On-Demand Ride Services: Is New Mobility Tech Adding to the Traffic Tragedy of the Commons?

On-Demand Ride Services: Is New Mobility Tech Adding to the Traffic Tragedy of the Commons?

Last week in Quartz, Tim Fernholz dove head first into the swirling brew of transportation politics that is New York City. In his piece, “Uber is slowing down New York City, but slowing down Uber won’t fix the problem,” he notes that the impact of on-demand rides may have finally hit a breaking point. Mayor de Blasio is now contemplating a moratorium on new vehicles in the services, ostensibly to allow time for a study to understand what exactly is happening with traffic.

One thing is for sure, though, driving in New York has headed off a cliff. Average speeds are now a miserable 8.5 mph — down from a whopping 9.4 mph in 2010. From the mayor’s office to the taxi stands to the crosswalks, many are pointing to the 23,000 for-hire cars that are now on the road as the smoking guns.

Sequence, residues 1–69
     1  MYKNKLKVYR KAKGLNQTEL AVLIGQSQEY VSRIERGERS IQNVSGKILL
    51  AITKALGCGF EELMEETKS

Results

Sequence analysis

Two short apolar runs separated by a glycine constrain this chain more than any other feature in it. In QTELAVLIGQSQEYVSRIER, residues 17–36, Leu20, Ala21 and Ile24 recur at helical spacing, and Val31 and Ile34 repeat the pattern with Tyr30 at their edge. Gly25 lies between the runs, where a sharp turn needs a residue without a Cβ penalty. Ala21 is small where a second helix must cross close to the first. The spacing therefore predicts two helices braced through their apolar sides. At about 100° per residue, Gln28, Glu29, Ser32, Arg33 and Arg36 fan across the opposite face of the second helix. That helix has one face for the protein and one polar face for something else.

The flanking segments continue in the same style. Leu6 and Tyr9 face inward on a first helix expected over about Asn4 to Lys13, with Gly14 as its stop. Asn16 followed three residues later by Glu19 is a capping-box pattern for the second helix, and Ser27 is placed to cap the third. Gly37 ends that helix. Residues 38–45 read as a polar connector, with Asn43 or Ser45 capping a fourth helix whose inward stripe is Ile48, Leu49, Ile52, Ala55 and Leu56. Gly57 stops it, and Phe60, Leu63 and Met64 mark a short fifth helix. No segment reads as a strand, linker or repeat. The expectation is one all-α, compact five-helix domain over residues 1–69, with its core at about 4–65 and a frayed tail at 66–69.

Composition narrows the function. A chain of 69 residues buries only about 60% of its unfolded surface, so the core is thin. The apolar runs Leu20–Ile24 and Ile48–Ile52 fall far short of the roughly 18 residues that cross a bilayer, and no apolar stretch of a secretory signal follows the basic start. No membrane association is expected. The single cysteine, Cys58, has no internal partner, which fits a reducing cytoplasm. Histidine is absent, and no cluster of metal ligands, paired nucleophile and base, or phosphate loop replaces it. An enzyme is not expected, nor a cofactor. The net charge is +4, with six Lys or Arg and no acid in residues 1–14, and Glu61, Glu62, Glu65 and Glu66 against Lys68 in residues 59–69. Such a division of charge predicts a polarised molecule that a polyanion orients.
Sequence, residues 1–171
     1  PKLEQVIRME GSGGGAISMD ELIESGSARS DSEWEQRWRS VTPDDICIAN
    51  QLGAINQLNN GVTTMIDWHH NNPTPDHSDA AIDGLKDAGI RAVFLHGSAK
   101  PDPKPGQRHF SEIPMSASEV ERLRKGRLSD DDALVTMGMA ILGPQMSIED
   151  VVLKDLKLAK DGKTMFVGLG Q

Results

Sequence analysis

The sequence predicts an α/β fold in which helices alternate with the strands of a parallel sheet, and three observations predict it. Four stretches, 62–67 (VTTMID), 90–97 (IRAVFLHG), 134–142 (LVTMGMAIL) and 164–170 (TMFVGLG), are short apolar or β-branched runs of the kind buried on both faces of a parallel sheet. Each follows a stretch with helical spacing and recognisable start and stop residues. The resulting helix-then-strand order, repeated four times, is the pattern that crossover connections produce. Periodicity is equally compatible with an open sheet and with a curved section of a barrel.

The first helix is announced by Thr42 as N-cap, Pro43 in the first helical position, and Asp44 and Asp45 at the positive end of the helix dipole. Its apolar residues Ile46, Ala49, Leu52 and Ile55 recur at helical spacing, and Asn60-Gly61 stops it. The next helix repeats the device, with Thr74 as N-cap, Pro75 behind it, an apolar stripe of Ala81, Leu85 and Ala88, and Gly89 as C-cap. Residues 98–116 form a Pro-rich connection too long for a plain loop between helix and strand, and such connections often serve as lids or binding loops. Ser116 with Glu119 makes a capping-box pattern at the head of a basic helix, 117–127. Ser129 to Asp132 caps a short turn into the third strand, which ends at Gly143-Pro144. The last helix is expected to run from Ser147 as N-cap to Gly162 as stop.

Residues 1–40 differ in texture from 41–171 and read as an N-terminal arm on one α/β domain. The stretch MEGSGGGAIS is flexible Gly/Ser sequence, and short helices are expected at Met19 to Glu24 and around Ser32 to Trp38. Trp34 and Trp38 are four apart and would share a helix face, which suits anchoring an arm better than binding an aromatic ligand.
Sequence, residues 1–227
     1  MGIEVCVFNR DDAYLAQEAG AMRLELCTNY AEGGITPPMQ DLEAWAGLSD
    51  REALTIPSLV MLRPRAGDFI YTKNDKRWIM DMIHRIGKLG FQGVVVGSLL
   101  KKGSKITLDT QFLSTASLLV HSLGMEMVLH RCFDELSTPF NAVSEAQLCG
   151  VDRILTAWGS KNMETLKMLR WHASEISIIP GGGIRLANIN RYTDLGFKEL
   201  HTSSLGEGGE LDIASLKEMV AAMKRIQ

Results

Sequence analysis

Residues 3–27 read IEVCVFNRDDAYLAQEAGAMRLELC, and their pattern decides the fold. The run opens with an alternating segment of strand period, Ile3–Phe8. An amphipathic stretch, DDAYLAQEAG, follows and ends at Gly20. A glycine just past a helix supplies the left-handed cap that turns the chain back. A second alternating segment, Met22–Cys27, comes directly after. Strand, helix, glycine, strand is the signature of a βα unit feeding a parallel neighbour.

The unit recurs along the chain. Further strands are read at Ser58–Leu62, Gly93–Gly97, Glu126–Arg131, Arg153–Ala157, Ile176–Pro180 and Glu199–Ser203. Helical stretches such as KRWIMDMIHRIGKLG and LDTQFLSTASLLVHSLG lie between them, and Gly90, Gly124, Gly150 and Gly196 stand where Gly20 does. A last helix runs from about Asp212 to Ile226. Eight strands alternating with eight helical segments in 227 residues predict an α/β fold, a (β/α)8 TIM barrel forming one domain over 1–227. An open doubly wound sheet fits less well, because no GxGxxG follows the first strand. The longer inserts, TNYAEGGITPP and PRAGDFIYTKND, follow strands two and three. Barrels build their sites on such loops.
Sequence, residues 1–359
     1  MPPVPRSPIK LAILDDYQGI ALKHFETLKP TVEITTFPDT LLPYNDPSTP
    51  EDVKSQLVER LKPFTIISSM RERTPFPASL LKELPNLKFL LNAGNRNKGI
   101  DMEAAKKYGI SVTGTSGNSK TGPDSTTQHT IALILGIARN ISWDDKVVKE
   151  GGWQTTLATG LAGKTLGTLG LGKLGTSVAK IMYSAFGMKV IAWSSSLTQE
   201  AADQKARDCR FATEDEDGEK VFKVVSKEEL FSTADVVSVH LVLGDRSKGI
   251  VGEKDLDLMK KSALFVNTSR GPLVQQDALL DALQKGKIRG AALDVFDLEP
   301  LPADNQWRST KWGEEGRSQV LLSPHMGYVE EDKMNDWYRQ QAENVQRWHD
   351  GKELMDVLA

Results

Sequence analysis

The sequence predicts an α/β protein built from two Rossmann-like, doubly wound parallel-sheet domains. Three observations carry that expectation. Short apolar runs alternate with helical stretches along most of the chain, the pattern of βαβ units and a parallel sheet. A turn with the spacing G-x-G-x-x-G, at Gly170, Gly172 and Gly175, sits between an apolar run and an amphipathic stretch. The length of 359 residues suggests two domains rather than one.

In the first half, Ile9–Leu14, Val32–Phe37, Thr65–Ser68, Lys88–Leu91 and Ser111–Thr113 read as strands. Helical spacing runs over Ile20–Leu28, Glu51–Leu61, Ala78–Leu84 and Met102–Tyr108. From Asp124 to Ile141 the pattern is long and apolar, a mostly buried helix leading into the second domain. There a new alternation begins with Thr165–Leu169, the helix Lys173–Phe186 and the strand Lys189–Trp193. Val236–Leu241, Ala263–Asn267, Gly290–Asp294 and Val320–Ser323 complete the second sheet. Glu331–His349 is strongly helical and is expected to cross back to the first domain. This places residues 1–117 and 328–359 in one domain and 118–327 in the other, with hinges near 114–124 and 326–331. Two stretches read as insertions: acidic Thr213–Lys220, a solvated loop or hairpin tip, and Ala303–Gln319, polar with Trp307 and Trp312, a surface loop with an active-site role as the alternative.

Citing policy and transit activist Charles Komanoff, Fernholz notes:

People make a decision that is rational for themselves, to pass up the subway and use their phone-based app and grab a fore-hire vehicle. Everybody’s utility function doesn’t include the congestion that their choice of motor vehicle is imposing on everyone else.

Traffic is a classic example of the tragedy of the commons. Quick economics refresher here: we’re talking about the situation where individuals acting in our own self interests behave contrary to the best interests of the group. When I sit in a car staring at the brake lights ahead and groan, “This traffic is terrible!” I mean you. I, obviously, am not traffic. I am just trying to get where I’m going. You and everyone else are the problem.

The reality of the situation is that on-demand services are just the most recent arrivals to the village green. Rather than throwing rocks at the newcomers and trying to run them off, we all should all take a deeper look at the transportation modes that we and the cities we call home prioritize. Compared with driving around alone in our own cars all of the time, on-demand works — when it’s part of a system that includes functioning transit, good pedestrian access, car sharing, well-protected bicycle routes, ride matching, airport shuttles, and more.

Photo credit: Thomas Teichert

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